[[Image:Spyridon.jpg|right|frame|St. Spyridon of Trimythous]]
Our father among the
saints '''Spyridon of Trimythous the Wonderworker''' (Greek: Σπυρίδων ca. 270-348) was a 4th century [[bishop]] who was present at the [[First Ecumenical Council]]. He is also commonly referred to in Corfu as ''Keeper of the City'' (Greek: ο πολιούχος), since he is also the patron saint of that island (this is where his relics are located and venerated). He is commemorated by the church on [[December 12]].
Spyridon was born in the village of Ashia (''askia'' - "without shade"), Cyprus (270 AD) and died in Trimythous, Cyprus (348 AD). He was a peasant farmer and shepherd and had no education. Spyridon was married and had a daughter, Irene. After his wife died, he and his daughter both entered into monasticism. He later became the [[Bishop]] of Trimythous (during the reign of [[Constantine the Great]]) and continued in piety for which he was greatly known.
He is the [[patron saint]] of potters (from the miracle of the potsherd).
==Persecutions and witness to Orthodox Faith==
During the Maximilian persecutions (295 AD) he was arrested and exiled. In 325 AD, he was present at the [[First Ecumenical Council]] of
Nicea where he astonished many with his simple explanations of the [[Orthodox Church|Orthodox]] Faith. Though not well-educated, he surprised everyone at the Council of Nicea by converting a famous philosopher to Orthodoxy from [[Arianism]]. He explained the unity and diversity of the Trinity by holding up a brick, then commonly thought to be a combination of the elements fire, earth and water; as he spoke, fire blazed from the top of the brick while water gushed out underneath. There too, at Nicea, he met St. [[Nicholas of Myra]], with whom he formed a lasting friendship.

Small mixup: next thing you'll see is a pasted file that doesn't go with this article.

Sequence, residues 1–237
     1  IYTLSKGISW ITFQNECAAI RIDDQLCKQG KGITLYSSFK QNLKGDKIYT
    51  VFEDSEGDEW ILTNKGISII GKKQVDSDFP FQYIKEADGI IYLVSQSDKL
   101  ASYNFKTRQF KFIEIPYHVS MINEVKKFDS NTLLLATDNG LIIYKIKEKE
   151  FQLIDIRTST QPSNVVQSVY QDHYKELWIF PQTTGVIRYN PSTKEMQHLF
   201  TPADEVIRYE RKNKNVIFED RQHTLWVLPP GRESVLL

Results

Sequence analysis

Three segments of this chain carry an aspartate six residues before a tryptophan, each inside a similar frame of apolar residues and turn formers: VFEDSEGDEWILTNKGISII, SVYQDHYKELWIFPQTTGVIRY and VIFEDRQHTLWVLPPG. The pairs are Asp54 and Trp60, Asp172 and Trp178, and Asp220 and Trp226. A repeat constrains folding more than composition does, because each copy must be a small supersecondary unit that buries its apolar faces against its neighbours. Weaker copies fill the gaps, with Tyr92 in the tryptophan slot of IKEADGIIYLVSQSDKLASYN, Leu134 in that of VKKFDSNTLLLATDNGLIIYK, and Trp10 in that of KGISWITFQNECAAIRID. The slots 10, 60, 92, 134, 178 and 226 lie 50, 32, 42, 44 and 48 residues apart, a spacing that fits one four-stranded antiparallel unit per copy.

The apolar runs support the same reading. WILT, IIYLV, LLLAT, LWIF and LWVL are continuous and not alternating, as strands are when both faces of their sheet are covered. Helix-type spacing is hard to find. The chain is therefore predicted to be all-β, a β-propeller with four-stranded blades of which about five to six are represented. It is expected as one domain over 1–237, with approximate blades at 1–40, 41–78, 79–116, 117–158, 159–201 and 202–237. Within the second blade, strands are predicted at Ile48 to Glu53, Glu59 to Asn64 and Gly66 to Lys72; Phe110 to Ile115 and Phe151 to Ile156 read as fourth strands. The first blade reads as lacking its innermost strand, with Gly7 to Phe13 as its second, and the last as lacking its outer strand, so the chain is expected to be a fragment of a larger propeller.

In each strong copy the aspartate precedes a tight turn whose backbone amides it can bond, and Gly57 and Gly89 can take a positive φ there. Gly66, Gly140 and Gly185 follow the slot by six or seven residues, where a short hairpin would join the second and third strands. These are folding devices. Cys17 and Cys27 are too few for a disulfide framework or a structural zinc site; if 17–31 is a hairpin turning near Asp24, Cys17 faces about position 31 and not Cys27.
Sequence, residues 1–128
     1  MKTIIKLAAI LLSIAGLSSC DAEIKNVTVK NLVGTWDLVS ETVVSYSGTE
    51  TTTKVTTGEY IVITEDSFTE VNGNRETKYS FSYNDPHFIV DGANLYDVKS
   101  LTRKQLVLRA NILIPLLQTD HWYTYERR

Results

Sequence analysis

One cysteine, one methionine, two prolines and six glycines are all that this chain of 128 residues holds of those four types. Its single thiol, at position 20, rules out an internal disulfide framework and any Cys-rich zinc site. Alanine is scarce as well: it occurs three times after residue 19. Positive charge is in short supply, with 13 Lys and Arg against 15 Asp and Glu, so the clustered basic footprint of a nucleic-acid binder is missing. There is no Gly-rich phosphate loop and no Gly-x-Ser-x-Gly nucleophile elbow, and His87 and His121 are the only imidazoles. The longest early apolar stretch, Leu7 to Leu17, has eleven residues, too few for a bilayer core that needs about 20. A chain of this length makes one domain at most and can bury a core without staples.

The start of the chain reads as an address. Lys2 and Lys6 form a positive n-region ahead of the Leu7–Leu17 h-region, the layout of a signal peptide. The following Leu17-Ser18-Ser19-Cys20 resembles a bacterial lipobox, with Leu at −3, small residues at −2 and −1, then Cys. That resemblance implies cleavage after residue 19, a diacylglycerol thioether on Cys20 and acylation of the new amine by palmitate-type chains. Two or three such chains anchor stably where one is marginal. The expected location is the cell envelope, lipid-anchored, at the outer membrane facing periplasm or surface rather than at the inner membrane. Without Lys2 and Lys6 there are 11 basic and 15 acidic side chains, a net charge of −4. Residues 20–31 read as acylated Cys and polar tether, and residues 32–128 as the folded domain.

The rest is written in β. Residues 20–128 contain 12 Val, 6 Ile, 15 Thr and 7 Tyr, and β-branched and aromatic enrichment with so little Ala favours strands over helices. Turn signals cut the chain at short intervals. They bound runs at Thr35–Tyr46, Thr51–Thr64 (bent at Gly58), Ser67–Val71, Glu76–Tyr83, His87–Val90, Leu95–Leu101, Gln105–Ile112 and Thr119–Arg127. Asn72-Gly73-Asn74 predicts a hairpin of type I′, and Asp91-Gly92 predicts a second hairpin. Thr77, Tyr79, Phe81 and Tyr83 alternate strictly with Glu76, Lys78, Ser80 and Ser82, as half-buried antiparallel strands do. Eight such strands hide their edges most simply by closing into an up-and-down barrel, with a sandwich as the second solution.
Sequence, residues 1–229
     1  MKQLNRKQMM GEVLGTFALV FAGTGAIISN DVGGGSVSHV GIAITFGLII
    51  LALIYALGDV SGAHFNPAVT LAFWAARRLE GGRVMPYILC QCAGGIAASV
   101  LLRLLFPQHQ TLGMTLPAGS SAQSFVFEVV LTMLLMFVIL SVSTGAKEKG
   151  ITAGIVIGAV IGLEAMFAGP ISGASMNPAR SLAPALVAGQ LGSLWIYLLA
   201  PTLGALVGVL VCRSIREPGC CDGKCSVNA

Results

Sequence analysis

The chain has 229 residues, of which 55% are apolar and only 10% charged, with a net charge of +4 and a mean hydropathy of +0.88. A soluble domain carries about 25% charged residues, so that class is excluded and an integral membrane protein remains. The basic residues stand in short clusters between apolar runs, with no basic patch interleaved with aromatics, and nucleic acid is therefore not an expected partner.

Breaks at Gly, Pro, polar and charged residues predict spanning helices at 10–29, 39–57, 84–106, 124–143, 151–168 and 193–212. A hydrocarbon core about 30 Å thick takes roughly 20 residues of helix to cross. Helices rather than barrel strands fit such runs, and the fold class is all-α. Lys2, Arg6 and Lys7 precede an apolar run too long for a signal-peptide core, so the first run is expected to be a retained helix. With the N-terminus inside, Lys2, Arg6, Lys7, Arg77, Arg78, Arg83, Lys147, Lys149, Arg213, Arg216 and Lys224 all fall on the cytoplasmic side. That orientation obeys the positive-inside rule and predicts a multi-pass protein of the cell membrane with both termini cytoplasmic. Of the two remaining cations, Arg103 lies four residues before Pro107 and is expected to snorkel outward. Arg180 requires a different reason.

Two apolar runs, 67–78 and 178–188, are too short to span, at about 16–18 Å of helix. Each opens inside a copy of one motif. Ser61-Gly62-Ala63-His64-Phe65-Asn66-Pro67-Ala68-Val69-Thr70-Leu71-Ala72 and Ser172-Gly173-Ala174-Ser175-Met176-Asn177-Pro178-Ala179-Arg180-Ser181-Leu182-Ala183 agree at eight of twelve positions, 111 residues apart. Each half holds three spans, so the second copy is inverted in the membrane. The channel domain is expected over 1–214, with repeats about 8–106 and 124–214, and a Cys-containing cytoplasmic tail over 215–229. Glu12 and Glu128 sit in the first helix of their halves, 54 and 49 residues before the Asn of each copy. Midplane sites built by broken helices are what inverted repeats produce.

Through simplicity and deep devotion to God, he worked miracles throughout his life and became known as a great [[wonder-worker]], calling forth rain in the midst of drought, casting out demons with a single word, healing the sick and even raising people from the dead, in addition to having the gift of prescience.
When he arrived back home from
Nicea a woman told him that she had given his daughter, who had died while he was away, some jewelry for safekeeping. Now that his daughter was dead, no one could find where she had put them. Spyridon went to his daughter's grave, spoke to her, and was able to restore the jewelry to its owner.
Also during a famine Spyridon changed a snake into gold pieces so that a poor man could buy food from a greedy merchant who had cornered the supply.
One day there was only himself and the deacon and readers in church at vespers, and the responses could be heard beautifully chanted by an unseen choir. The music was so beautiful that others, passing by, heard it and saw through the windows what seemed like a large congregation. Entering the church, however, they found only St. Spyridon and his assistants.
==Departure and relics==